A Stadium Is in Sight : Consultants to Propose Location, Financing for Minor League Complex


With four potential sites identified for a minor league baseball stadium, western Ventura County leaders instructed consultants Monday to come back with a single location and a budget for financing the project.

Traffic impact, environmental constraints, land prices, even the shape of available tracts will be analyzed by the Orange County-based Spectrum Group, hired in June to find the best site for a stadium serving Oxnard, Camarillo and Ventura.

After that, the stadium consultants will complete a feasibility study for the three cities with advice on financing the project.

The choice of a site could prove a test for the cities, working in a rare cooperative effort to build the stadium needed to draw a Class A ball team to the region.


“The fact of the matter is, when it ultimately gets down to one site, it’s going to be in one city,” said Bill Little, Camarillo city manager. “It can’t be in three cities.”

Consultants spent the past month analyzing nine potential stadium sites adjoining the Ventura Freeway. They narrowed their choices to four: a 53-acre tract near the Ventura Auto Center in Ventura; a 30-acre tract near Camarillo Springs Golf Course in Camarillo, and two sites in Oxnard, 49 acres near Rice Avenue and Gonzales Road, and 72 acres near Del Norte Boulevard and Rice.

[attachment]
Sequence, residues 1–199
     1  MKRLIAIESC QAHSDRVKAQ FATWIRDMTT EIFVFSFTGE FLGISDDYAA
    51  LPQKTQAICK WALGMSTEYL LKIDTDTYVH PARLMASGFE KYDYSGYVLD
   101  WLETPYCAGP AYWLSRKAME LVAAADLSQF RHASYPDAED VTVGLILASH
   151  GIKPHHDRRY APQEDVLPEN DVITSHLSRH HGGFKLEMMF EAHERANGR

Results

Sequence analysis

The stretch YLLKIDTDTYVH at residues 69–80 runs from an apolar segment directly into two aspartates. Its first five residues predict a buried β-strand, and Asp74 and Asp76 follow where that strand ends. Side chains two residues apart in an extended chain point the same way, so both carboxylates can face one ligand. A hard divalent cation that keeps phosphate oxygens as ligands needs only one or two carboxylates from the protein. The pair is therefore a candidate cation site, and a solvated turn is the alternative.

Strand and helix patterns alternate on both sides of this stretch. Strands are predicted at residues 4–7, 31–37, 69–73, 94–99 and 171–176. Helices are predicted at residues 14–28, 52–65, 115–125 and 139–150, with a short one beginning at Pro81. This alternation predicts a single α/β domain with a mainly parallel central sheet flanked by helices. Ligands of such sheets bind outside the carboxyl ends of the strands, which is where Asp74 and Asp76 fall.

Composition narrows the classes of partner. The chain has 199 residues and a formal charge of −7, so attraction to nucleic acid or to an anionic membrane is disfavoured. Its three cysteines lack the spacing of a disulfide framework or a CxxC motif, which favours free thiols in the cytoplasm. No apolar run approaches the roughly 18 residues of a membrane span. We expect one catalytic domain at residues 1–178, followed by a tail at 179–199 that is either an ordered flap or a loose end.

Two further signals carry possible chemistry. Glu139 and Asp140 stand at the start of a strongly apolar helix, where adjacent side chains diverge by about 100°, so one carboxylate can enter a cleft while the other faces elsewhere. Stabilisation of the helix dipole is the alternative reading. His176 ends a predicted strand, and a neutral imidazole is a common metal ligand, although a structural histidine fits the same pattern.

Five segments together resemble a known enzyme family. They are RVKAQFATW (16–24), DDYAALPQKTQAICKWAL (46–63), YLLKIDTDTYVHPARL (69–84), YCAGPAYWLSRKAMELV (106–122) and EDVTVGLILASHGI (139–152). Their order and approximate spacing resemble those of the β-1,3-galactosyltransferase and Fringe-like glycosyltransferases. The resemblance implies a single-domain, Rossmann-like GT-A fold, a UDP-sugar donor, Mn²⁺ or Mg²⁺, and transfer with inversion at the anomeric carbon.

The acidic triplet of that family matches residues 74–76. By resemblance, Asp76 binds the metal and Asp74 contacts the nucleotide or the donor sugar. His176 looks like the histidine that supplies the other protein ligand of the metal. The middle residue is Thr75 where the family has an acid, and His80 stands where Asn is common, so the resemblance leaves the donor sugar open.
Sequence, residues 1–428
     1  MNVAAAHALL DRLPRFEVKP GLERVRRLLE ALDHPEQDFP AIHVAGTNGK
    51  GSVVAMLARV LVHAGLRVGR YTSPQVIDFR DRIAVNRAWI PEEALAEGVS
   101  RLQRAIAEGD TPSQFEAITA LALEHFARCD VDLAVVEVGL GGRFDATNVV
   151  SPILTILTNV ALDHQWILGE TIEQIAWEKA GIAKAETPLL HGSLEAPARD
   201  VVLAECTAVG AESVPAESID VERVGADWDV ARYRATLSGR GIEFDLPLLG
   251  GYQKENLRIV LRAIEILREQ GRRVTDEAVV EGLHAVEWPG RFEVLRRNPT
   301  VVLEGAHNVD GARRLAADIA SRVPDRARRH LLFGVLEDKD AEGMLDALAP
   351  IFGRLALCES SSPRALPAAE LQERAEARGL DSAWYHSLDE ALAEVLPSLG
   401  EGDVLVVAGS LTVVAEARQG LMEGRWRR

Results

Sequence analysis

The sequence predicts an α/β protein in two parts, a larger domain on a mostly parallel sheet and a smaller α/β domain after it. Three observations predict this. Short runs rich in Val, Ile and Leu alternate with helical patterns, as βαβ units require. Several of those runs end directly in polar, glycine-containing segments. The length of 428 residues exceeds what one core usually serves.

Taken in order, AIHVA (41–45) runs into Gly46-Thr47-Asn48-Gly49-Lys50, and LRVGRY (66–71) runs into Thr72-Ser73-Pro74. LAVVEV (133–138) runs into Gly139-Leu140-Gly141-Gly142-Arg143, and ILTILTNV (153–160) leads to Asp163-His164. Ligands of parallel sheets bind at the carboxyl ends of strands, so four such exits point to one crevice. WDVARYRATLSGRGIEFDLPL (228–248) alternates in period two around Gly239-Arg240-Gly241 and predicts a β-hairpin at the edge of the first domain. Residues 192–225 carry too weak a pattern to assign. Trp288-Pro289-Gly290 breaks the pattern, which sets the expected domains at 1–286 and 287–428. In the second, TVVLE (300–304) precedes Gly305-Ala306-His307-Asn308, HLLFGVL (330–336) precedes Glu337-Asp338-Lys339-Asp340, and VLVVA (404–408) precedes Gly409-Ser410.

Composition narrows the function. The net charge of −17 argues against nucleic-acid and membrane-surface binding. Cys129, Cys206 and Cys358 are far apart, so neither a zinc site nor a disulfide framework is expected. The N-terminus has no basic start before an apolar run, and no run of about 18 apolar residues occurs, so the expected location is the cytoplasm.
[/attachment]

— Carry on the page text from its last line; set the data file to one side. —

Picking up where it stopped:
The group expects to report back in early September about the site and a month later about financing, Little said. The three city councils are expected to consider the matter in October and November.



Before developing a financial plan, though, consultants and city leaders must know more about the site, particularly the price of the land. Supporters are hoping landowners will donate some property, said Ventura City Councilman Jack Tingstrom, a member of the Tri-Cities Baseball Committee.

The push for a professional stadium picked up steam this spring when the California League promised to deliver a Class A baseball team to Ventura if communities here built a stadium.

The three west county communities agreed to work together on the project and have each contributed toward the feasibility study now underway. The Spectrum Group is studying population trends, as well as construction and operating budget costs.

“We’re taking this one step at a time,” Tingstrom said. “We’re not in a hurry to throw out the first pitch. We’re trying to get some family entertainment for western Ventura County.”


Tingstrom said he envisioned the stadium as more than a home for a minor league team. It could feature concerts, as well as football games between high school rivals, he said. The new 6,000-seat stadium in Lake Elsinore drew 16,000 fans July 4 for a Wynonna concert.

“There are certain things you can do to fill this thing up the rest of the year,” Tingstrom said. “It’s what the community wants for quality of life. Everywhere I go, people tell me there’s nothing to do.”

But the true test will come when the communities must consider financing the project. Minor league teams seldom pay for themselves, and other communities have used bonds and public funds to pay for new stadiums. Some new facilities have cost as much as $12 million.